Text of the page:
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J Trauma Acute Care Surg. 2014 Jun;76(6):1495-506. doi: 10.1097/TA.0000000000000236.

Animal models to assess the local and systemic effects of nailing: review of the literature and considerations for future studies.

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From the Department of Orthopedic Trauma and Reconstructive Surgery (F.H., H.A., R.P., P.L., P.K., H.-C.P.), and Harald Tscherne Laboratory (F.H., H.A., R.P., H.-C.P.), University Hospital Aachen, Germany; and Department of Trauma and Orthopaedics (B.M.B.), Royal Bolton Hospital, Bolton, Lancashire, United Kingdom.



Numerous experimental studies have been performed to investigate the adverse effects of reamed versus unreamed nailing in isolated or combined trauma models. However, the translational relevance is still discussed controversially.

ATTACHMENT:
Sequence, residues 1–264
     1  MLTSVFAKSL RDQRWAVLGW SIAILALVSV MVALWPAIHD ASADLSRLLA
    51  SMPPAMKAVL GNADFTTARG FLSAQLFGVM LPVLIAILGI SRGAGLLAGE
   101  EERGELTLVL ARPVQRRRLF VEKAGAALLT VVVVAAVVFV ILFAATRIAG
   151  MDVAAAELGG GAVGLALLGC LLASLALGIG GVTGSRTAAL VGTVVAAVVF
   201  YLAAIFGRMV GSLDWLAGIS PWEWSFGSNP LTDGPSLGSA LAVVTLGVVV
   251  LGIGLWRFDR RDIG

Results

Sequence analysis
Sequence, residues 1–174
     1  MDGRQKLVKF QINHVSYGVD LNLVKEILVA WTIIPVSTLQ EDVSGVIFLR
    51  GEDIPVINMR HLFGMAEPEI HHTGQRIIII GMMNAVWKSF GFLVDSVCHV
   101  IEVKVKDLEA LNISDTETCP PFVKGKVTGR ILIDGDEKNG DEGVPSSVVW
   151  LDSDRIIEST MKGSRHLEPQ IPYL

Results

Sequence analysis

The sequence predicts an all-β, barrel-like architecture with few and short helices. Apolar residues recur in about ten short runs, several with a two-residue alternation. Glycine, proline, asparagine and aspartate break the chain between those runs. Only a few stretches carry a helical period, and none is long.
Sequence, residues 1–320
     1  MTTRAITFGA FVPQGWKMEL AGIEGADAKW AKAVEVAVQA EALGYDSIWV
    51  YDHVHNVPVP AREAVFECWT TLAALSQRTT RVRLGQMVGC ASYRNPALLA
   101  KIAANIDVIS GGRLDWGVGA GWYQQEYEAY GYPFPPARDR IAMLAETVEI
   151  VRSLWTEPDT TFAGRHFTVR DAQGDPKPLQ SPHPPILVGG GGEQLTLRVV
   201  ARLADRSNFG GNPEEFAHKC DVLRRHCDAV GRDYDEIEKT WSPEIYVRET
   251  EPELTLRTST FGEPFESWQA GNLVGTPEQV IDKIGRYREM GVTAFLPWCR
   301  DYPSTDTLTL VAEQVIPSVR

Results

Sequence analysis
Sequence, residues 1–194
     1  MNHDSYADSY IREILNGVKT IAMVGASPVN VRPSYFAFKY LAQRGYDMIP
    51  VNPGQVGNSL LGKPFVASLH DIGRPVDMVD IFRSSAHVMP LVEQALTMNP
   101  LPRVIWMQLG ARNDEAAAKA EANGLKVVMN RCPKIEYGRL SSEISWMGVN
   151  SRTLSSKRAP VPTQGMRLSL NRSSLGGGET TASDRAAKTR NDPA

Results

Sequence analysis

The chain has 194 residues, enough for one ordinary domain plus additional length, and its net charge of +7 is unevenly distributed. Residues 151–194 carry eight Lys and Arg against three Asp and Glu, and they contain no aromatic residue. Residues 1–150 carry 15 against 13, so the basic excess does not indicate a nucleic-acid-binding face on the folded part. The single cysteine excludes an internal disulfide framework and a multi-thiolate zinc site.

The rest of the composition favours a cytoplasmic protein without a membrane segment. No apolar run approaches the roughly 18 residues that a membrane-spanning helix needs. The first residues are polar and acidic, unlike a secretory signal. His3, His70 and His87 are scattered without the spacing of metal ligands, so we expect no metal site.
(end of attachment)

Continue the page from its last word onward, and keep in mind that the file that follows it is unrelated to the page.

A systemic review of the literature was performed. An increase of intramedullary pressure with liberation of emboli to the venous and systemic circulation associated with reamed and unreamed nailing has been well described. Reamed nailing, however, seems to have superior clinical results in terms of fracture healing.


The pathophysiologic effects, optimal timing, and technique of reamed nailing particularly in patients with multiple injuries continue to be controversial topics. Therefore, further experimental studies should focus on these topics as well as on the interaction of local and systemic processes particularly in the context of different surgical treatment strategies (Early Total Care vs. Damage Control Orthopaedics) to improve our understanding and approach to intramedullary nailing.

[Indexed for MEDLINE]

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